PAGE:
Prof. Robert Ross, Professor of Political Science
Boston College and Associate, John King Fairbank Center for Chinese Studies, Harvard University
Prof. YU Tiejun
Associate Professor, School of International Studies, Peking University
This month ThinkIN China to welcomed two renowned speakers for a special double event examining various aspects of China’s Maritime Security in East Asia. 15 years ago, China launched its first diesel submarine. In the context of China’s astonishing, well-publicised development in other areas, one would be forgiven for assuming that naval development has taken place at a heady rate since then, however, Professor Ross began the evening with the surprising suggestion that, in many ways, Chinese naval development in recent years has been very limited. In fact, he went on to argue China is still yet to become a naval power of any real significance in East Asia. Of course, this is not because it would fail to outmatch any of its neighbours, but instead that it still fails to make any real sort of challenge against the powerful ally that stands behind these neighbours – ready to step in and defend them if a situation was to occur. The latter is the world’s number 1 power, the US, whose alliances with Singapore, the Philippines, Vietnam and – perhaps most potently – Japan means that it still dominates East Asian waters.
Ross however went on to explain that of course the situation has seen some development in recent years – describing how naval developments by the Chinese, though not great enough to fully challenge the US, have still reached a level at which they could cause losses on the American side if a war was to be waged at sea. This is a cost that previously would not have had to be considered, yet nevertheless Ross warns us against imagining that this means the Chinese are gearing-up to challenge US supremacy in the area. Past experience shows that the Chinese have been – and will be in future – cautious. However, the current situation is that of broadened levels of presence and surveillance – in particular the Chinese vessels that keep a long-term presence in the vicinity of the contested diaoyu islands. The latter does not act in direct opposition to US presence but does underline the fact that the Chinese have a presence that can certainly not now be overlooked.
Looking to the future, Ross took us through various challenges posed to the state of US-China relations in 2012, namely when China displayed assertive behaviour towards to the Philippines and in the sending of Chinese ships to challenge Japanese vessels over the diaoyu islands. Though neither of these skirmishes were direct challenges to the US, tensions were undoubtedly heightened and though the US decided not to intervene they did response by expanding levels of cooperation and alliance with their East Asian allies and thereby reminding China of their own presence in the area. However, in terms of future development, China’s desire for a bigger navy will be restricted by a number of factors including cost, technology and, most specifically, the need to balance it with land requirements: with 14 neighbours, 4 of which have nuclear capabilities , China is growing in a ‘dangerous neighbourhood’ and therefore maritime security is unlikely to be their prime concern. ON the other hand, US policy since 1999 has made it clear that they take ever increase in Chinese power as a challenge to US supremacy.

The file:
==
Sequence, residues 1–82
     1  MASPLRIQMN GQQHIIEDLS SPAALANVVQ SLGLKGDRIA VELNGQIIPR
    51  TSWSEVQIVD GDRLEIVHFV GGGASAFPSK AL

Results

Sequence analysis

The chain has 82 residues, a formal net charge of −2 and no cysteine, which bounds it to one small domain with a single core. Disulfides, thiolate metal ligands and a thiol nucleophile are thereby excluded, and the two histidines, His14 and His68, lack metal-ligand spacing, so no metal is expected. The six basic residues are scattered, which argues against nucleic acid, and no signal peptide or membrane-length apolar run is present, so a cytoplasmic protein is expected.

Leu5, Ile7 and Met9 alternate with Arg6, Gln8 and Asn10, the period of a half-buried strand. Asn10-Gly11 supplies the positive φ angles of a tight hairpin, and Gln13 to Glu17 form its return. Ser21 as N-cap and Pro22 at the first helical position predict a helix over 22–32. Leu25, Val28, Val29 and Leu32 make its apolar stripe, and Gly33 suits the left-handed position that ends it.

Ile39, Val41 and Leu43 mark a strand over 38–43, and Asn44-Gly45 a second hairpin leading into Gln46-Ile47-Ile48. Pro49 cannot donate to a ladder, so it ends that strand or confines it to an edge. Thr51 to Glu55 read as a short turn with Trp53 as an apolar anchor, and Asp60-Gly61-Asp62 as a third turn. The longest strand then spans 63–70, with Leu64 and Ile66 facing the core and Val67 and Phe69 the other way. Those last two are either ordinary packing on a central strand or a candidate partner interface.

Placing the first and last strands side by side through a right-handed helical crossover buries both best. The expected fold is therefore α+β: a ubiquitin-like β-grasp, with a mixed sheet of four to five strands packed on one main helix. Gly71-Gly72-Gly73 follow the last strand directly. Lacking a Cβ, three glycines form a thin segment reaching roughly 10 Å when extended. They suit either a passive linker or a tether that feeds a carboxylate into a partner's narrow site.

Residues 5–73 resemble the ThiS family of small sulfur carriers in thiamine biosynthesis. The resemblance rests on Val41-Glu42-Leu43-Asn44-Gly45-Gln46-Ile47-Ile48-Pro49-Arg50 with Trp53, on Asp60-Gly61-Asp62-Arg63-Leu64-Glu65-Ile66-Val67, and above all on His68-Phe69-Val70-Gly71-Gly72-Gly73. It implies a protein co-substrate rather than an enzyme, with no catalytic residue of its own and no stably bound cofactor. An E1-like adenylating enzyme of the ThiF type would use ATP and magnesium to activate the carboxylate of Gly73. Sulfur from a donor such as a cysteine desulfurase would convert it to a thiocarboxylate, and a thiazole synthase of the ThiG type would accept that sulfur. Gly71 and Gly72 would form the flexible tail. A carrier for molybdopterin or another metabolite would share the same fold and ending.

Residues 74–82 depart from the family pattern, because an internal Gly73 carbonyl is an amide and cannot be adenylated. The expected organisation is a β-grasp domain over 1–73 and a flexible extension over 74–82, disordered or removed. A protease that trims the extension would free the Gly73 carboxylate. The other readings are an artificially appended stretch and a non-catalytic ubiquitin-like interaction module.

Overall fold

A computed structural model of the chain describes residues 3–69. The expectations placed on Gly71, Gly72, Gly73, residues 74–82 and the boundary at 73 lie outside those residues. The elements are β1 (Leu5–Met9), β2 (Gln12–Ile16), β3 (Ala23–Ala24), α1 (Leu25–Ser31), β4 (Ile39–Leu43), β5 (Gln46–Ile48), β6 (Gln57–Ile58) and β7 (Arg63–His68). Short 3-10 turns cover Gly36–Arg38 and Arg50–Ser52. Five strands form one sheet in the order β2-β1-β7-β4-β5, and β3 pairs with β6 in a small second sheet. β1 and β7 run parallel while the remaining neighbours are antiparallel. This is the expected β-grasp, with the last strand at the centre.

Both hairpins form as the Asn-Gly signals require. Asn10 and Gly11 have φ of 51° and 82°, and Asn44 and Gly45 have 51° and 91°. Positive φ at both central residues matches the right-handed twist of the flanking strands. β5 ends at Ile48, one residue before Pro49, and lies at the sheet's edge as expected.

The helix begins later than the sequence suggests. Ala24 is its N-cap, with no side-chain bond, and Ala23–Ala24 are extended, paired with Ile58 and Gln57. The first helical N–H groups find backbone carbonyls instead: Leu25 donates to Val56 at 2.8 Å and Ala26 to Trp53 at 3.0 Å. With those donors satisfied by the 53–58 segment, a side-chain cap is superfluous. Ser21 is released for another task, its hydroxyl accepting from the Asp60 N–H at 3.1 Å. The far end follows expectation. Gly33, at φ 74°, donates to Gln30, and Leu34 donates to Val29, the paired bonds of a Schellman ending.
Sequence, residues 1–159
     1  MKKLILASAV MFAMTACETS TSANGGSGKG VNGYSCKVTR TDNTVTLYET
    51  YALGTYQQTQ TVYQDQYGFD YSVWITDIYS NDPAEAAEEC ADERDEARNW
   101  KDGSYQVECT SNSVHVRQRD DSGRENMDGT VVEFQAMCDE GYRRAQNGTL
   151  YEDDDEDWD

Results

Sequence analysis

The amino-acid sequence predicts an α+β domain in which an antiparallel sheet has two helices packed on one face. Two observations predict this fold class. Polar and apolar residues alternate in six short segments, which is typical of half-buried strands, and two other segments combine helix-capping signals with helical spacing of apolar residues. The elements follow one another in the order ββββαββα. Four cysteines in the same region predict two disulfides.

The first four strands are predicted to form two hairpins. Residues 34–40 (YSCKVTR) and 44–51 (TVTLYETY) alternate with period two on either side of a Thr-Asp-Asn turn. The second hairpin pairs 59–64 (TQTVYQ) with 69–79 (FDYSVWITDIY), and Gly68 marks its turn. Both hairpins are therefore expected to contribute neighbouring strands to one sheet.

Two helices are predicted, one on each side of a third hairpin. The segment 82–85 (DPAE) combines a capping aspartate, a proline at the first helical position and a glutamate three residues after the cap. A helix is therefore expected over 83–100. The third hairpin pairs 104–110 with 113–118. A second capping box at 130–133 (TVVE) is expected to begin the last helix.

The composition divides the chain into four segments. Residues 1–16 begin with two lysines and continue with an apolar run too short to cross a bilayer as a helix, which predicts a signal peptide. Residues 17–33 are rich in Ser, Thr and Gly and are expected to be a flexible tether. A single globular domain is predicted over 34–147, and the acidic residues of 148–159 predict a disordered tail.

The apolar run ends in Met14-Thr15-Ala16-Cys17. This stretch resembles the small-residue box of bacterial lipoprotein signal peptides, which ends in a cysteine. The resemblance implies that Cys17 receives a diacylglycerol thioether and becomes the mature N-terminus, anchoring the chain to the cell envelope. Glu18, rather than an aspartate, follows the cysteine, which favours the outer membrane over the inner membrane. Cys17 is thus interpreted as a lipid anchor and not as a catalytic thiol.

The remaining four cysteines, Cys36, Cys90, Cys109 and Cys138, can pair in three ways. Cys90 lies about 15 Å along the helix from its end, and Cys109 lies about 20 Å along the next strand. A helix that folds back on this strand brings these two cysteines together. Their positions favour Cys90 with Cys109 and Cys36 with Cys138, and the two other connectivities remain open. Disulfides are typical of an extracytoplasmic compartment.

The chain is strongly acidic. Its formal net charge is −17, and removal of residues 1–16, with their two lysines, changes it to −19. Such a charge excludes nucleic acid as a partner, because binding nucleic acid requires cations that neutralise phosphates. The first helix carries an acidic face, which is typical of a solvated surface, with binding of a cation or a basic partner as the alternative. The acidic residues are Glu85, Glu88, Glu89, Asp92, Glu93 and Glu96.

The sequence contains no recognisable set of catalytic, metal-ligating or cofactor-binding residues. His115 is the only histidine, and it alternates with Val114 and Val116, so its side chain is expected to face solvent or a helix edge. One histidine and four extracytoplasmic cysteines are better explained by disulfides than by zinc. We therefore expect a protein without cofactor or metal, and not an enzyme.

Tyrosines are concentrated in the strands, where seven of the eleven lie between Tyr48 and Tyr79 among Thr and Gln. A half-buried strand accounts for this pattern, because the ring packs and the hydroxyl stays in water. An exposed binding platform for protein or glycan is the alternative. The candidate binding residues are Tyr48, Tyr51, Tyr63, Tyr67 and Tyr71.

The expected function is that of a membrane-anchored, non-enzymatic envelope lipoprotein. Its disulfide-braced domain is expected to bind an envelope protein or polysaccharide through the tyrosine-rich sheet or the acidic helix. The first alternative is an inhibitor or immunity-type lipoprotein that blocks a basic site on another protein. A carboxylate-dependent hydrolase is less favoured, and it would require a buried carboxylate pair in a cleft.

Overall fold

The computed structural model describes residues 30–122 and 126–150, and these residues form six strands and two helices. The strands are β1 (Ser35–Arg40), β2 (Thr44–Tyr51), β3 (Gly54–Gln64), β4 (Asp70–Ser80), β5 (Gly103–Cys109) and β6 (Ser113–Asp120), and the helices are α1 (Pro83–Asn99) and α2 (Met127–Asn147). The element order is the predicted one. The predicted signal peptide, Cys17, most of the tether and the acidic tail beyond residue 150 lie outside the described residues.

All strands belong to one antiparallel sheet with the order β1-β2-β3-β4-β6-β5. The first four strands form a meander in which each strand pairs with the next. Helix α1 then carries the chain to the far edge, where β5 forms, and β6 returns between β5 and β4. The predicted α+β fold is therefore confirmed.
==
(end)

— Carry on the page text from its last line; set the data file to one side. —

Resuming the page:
But what if China succeeds in juggling development on both the land and at sea? Ross boldly stated that we live in a world where war is normal. And a world where we have witnessed too many times the cold fact that it is the power-transition wars that destroy the global order are the nastiest of them all (think about WW1, WW2, the Napoleonic Wars…) Ross however told the room to relax – he’s optimistic, wars don’t happen accidentally and both sides will hope to avoid it as far as possible. Instead, if a war is to be fought, Ross predicts that this will take place in the water. The land of China and the land of the United States are not going to be threatened which, consequently, means that the stakes are lower and the war is thus less likely to escalate. Things finished on the positive note that if the worst clash to take place in the process of China’s rise is a limited naval war between the US and China then things aren’t so bad.